.NET - ADO.NET Interview Questions


Q. What are the differences between ADO and ADO.NET?
A.
  • Although OLE DB is supported in ADO.NET, the .NET implementation does not rely on OLE DB providers but rather, uses.NET managed providers to bridge your application with different data sources.
  • ADO.NET does not support both dynamic and keyset server-side cursors. It only supports forward-only, read-only cursors.
  • The .NET connection object does not have an "Execute" method and can not be used to execute SQL commands against the database.
  • Unlike the ADO Recordset object which represents a single table at a time and is strongly tied to the database it is connected to, the DataSet object in .NET is completely isolated from any database implementation and in itself, can represent a hierarchy of data that resembles an RDBMS.
  The provided points are just a few of the differences as an accurate answer for this question can be a long discussion with an interviewer
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Q. What are the differences between the Recordset and the DataSet objects?
A.
  • Tables represented by the object: The ADO Recordset object represents only one table at a given time, while the DataSet object in ADO.NET can represent any number of tables, keys, constraints and relations which makes it very much like an RDBMS.
  • Navigation: Navigating the Recordset object depend on the cursor used to create the object with limited functionality in moving back and forth while the DataSet represents data in “collections” that could be accessed through indexers in a random-access fashion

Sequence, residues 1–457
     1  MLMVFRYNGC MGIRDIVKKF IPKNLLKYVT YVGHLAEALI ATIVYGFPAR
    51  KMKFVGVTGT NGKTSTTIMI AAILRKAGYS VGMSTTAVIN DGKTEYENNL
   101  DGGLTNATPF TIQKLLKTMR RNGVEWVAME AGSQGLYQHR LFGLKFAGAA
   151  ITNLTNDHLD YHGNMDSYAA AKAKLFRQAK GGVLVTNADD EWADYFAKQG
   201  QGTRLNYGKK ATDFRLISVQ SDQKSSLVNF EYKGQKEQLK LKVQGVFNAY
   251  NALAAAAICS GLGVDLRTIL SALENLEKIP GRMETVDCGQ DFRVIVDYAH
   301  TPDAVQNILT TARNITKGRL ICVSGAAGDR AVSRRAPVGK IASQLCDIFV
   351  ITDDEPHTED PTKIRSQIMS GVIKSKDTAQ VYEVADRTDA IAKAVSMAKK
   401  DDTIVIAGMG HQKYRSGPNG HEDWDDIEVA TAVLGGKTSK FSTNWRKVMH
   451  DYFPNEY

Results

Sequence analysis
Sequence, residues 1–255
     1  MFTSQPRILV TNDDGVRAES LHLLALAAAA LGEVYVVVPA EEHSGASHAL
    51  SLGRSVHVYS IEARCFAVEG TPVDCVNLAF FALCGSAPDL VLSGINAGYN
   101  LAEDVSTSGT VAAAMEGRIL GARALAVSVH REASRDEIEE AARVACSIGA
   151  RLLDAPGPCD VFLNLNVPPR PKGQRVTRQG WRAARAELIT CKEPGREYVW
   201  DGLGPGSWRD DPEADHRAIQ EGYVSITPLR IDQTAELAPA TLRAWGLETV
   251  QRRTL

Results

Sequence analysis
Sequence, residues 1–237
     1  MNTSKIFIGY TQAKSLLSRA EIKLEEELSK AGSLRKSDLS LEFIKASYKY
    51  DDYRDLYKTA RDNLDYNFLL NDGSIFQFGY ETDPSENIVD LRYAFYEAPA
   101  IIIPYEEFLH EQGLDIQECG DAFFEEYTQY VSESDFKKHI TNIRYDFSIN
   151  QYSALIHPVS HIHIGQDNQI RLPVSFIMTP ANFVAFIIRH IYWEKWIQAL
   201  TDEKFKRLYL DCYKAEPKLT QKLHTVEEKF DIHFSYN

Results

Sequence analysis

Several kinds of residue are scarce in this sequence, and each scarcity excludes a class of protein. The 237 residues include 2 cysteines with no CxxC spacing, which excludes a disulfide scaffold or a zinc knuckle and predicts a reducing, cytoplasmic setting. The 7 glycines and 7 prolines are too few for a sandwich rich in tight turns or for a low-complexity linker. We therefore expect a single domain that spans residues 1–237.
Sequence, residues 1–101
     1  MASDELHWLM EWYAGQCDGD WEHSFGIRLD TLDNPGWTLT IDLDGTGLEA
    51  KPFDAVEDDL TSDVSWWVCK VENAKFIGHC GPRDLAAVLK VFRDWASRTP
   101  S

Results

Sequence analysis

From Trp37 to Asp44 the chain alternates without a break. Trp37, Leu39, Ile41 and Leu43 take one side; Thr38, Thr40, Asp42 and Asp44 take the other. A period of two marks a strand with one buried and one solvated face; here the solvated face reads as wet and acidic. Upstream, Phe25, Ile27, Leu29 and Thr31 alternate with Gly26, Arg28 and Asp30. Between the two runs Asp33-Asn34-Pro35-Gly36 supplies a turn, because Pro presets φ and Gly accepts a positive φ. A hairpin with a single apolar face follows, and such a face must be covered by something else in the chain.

• Connection Model: The Recordset is designed to work as a “connected object” with a server-side cursor in mind while the DataSet is designed to work as a disconnected object containing hierarchy of data in XML format.
  • Database Updates: Updating a database through the use of a Recordset object is direct since it is tied to the database. On the other hand, the DataSet as an independent data store must use a database-specific DataAdapter object to post updates to the database.
  There are also some differences that have to do with remoting, marshaling and serialization.
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Q. Briefly describe the ADO.NET class architecture.
A. ADO.NET classes could be classified into two categories:
  1. Data-source specific:
    This category includes different "Data Provider" namespaces each tailored to deal with specific data source.
    .NET Framework 1.1 comes with support for the following data providers:
    • SQL Server .NET Data Provider
    • OLE DB .NET Data Provider
    • ODBC .NET Data Provider
    • .NET Data Provider for Oracle
    Each of these data providers includes the following main classes:
    • xxxConnection
    • xxxCommand
    • xxxDataReader
    • xxxDataAdapter
    The xxx prefix can be replaced by "Sql", "Ole", "Odbc" or "Oracle" depending on which data provider is being used.

  2. Non data-source specific:
    This category mainly includes the DataSet class which is physically and logically disconnected from any particular data source.
    The DataSet could be published as a result of running query, executing a stored procedure, reading from an xml file or even manually.
    When published from a database, it is published through a DataAdapter.
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